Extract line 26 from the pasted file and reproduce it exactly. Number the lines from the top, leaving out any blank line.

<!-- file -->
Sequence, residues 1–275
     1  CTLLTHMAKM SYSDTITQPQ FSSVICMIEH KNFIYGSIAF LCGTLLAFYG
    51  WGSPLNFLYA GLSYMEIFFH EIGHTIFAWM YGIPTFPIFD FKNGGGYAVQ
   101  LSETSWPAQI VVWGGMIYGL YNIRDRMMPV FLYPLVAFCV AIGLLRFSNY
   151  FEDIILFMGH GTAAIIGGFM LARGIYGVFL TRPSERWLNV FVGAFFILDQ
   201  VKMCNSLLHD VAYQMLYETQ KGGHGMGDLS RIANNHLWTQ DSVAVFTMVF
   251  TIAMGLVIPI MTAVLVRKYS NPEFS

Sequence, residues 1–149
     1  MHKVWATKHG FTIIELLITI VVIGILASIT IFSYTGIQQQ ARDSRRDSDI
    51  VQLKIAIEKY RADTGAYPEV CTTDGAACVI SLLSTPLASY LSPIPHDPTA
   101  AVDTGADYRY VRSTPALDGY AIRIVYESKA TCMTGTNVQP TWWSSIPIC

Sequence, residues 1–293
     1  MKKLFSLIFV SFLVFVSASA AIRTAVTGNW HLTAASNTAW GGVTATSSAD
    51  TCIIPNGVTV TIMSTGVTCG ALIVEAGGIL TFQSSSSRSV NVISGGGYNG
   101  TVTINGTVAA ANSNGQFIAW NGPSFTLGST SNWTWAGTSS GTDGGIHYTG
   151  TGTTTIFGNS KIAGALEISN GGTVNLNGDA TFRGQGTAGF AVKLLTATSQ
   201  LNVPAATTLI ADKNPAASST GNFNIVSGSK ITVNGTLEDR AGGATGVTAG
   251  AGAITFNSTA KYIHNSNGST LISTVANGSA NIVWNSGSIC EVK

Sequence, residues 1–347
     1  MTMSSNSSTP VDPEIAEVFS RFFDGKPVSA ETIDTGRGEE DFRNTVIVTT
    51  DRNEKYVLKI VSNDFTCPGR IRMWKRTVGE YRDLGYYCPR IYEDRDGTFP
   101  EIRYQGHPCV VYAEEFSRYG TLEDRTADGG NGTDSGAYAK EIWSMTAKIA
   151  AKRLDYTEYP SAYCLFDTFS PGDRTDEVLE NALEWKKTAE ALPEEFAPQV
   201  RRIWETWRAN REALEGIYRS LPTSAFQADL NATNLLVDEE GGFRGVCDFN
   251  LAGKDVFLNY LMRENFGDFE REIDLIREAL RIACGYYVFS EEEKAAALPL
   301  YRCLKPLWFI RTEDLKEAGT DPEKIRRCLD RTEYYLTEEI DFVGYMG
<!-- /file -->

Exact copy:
   301  YRCLKPLWFI RTEDLKEAGT DPEKIRRCLD RTEYYLTEEI DFVGYMG